Review: Daler Rowney Ivory Artist’s Sketchbook

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I purchased this sketchbook at Lee’s Art Shop in NYC (which is always worth a visit if you’re in town). I was attracted by the size and shape, as you don’t see that many slim softcover sketchbooks that are truly pocketable. This one certainly is– it’s flexible enough to keep in a back pocket but the covers seem substantial enough not to get too beat up. It could be described as looking like a thicker version of a Moleskine Volant. Shown below next to a pocket hardcover Moleskine for comparison– it’s a bit smaller and thinner.

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It’s very basic– no elastic, no pocket, no ribbon marker. Once you peel the sticker off the front cover (which seems like it will peel cleanly), it is plain black and free of any branding inside or out, except for the gold-stamped brand on the back cover (which looks a bit cheap, somehow).

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Inside the paper is smooth and creamy– not so different from Moleskine paper in feel, though it is said to be 90 GSM. All the pages are perforated, but the notebook really doesn’t open flat. I guess it’s no loss, in a way, as you won’t want to draw into the gutter when the pages are perforated.

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The smooth paper feels great with fine point pens, and fountain pens work nicely except for taking a bit longer to dry (still smearing at about 10-15 seconds). But show-through and bleed-through performance was not so great.

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So I’m left wondering who this sketchbook is for? If you want to just scribble some little sketches on the go with fine pens or pencils and then tear them out to use elsewhere, I guess this will fit the bill. But otherwise, I’m not sure it really provides any advantages over other notebooks and sketchbooks on the market. The list price for this sketchbook is $10.90, and I think that is about what I paid at Lee’s. Blick has it for $6.99, which seems like a better value. Other sizes are also available.

Daler-Rowney Ivory Artist’s Sketchbooks

Daler-Rowney Ivory Artist's Sketchbooks

Moleskine Monday: New Products

It’s always interesting to see what new products pop up on Amazon for the coming year. There are quite a few “Chapters Journals” in various colors and sizes– unusual ones for Moleskine, such as 3.75 x7,” 3 x 5.5,” and 4.5 x 8.25.” The colors include “old rose,” “tawny olive,” and “plum purple.”  There are no photos yet, and no descriptive info. The format says “diary,” but they don’t seem to be dated. All are soft cover, and page format options seem to just be dotted and ruled. Will these be something book-related? Intriguing…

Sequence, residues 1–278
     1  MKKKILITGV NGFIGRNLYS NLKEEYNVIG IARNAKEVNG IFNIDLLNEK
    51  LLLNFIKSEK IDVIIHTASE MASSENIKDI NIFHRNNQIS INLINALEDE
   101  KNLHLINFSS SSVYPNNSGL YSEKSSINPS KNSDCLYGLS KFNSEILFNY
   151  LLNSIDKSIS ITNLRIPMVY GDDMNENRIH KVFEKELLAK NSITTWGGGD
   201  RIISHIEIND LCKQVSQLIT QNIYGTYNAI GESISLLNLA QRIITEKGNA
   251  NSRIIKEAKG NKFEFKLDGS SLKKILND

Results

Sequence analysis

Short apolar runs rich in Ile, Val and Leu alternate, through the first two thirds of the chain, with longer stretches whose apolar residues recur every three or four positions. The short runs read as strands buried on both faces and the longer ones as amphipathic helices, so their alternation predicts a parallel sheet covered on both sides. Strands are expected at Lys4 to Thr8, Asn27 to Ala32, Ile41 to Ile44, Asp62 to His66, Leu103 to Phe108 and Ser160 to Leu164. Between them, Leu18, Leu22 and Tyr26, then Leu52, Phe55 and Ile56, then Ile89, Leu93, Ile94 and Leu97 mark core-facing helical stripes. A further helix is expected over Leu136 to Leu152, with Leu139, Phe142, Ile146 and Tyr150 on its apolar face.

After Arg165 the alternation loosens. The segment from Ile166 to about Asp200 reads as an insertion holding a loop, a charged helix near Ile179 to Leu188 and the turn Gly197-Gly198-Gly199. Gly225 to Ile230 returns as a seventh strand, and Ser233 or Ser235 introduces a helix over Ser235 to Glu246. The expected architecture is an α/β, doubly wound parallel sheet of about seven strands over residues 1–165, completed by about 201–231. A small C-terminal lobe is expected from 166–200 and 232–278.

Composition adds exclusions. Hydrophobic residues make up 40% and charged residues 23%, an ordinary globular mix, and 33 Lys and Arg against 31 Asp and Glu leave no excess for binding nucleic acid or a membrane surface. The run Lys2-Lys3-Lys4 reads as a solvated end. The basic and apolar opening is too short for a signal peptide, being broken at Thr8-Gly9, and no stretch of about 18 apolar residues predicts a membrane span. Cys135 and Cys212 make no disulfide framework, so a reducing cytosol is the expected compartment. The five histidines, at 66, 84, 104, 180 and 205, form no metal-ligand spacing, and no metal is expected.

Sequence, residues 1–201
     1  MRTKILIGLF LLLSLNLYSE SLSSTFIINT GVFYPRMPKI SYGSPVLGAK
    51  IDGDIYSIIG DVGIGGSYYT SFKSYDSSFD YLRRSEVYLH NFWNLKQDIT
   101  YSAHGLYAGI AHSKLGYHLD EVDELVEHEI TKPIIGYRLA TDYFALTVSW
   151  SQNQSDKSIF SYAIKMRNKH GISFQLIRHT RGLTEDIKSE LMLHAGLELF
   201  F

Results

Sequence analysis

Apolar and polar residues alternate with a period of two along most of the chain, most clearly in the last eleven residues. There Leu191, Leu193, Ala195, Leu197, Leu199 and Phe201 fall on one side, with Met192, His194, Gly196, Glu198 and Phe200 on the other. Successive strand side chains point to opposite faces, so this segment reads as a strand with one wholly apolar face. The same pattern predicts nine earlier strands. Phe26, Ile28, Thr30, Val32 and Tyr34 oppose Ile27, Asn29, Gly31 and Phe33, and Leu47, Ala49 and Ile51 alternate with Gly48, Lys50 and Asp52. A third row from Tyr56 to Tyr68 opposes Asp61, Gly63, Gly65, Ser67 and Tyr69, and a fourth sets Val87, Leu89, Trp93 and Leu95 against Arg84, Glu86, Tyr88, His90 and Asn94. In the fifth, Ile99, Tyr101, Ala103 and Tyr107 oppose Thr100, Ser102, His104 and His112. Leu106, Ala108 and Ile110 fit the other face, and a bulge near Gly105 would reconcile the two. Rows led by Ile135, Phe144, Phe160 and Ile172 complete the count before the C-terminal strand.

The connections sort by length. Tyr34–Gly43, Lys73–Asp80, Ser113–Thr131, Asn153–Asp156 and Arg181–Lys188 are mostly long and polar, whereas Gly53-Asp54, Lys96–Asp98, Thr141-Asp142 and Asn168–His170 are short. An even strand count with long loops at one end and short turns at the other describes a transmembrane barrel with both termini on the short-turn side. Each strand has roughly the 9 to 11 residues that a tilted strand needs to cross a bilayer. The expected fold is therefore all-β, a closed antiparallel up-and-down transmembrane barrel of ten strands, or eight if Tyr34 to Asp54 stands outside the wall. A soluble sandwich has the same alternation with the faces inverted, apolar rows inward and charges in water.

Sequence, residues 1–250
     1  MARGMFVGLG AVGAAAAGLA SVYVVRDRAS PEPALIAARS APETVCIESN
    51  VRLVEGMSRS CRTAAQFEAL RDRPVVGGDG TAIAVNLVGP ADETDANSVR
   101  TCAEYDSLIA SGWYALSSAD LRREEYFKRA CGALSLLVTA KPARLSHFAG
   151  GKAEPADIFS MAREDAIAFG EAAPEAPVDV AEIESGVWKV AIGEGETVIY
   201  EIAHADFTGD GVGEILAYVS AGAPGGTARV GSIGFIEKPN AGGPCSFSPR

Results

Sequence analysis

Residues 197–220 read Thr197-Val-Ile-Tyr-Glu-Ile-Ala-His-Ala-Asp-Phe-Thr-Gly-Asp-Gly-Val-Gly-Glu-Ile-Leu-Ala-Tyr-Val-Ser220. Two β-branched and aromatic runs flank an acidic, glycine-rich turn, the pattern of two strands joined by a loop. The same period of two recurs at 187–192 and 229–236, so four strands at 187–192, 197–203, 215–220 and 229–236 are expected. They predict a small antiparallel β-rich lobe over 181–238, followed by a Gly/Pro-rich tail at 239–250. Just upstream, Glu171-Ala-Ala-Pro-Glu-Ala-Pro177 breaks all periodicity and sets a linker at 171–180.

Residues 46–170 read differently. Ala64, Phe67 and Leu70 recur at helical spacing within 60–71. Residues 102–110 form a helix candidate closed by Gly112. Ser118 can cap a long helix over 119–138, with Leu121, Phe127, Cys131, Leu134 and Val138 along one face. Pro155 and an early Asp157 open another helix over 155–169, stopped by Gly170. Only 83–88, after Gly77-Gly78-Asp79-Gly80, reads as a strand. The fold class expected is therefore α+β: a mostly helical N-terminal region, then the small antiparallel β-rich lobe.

There are also new collections of notebooks with Alice’s Adventures in Wonderland and Batman themes.
I was thinking that what Moleskine really should create is a daily planner specifically for art journalers. The Hobonichi Techo shows there’s a demand for a daily planner with a more free-form page. Moleskine’s own daily planner in the extra-small size comes with unlined pages, making it perfect for daily drawings, but a bit small. I was all excited when I first saw that, as I thought they’d changed the design of all the daily planners to having unlined pages, but it’s only that size– I guess they thought the lines made the extra small page too busy. If they made a pocket size and large size daily planner with unlined pages and slightly heavier paper that doesn’t bleed as much, I think a lot of people would embrace them for daily art journaling. People like Kathrin Jebsen-Marwedel have made a name for themselves doing daily artwork in Moleskine planners over many years, but lately she’s been complaining about the severe decline in paper quality. She points out that she’s never expected Moleskine paper to be perfect for all media, but their planners used to be able to hold up to watercolor and now they don’t:

moleskine planner paper qualityI don’t know if the lines bother her, but I think a plain, unlined day-per-page art journal would be a widely popular product if the paper was either the heavier weight sketchbook paper, or at least a version of their thin paper that was more in line with the quality of prior years. Would you buy one? Do you know of other planners with an unlined daily page layout?

Notebook Addict of the Week: Tracey

This week’s addict is on Twitter as @Thriftygal, but it doesn’t look like she’s all that thrifty when it comes to buying notebooks! Look at this glorious mess! I spy a Star Wars Moleskine and a Penguin notebook and lots of other unidentified notebooks. I love the way they’ve taken over her entire table!

Thanks for sharing your addiction, Tracey!

Hermès Notebook

I guess I’m lucky that my notebook addiction has never tended to focus itself too much on truly high-end, luxury notebooks like this gorgeous Hermès notebook cover made of ostrich leather. I’ve occasionally coveted such things, and who wouldn’t! But at $1,000 new, or $100-200 used (if you’re lucky enough to find one), plus the cost of refills at $35 each, an addiction to this kind of notebook could bankrupt most people pretty quickly! I wouldn’t mind having one of these, though– the system for attaching the notebook to the cover is rather clever, and the leather must feel great.

From what I can see on the Hermes website, they don’t sell this kind of notebook cover anymore, and the notebooks they offer now, while “only” about $500 and up, don’t tempt me at all! They still sell the refills for this notebook, though.

Read more at Hermès Ostrich GM Notebook Cover Review | THE UNROYAL WARRANT.

Review: Sketch & Draw Sketchbook

The Sketch & Draw notebook is another Art Alternatives product that I picked up at Blick. These are inexpensive sketchbooks with toothier paper, similar to what’s found in the Hahnemuhle and HandBook sketchbooks, but not quite as thick.

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The first thing that really sticks out about this brand is the placement of the elastic closure, which is tucked rather jauntily around the upper right corner on the diagonal. It’s not something you see on many other notebooks, and I think people’s opinions will be divided on it. I fall in the camp of not liking it, ultimately. It looks kind of nice from the front, but the back of the notebook looks kind of weird. It also seems as though it may twist the notebook a bit, so it’s not quite square. I do like the lime green color they picked, and the matching ribbon marker is a nice touch. Overall, it’s almost exactly the same size as a pocket Moleskine, but slightly thicker.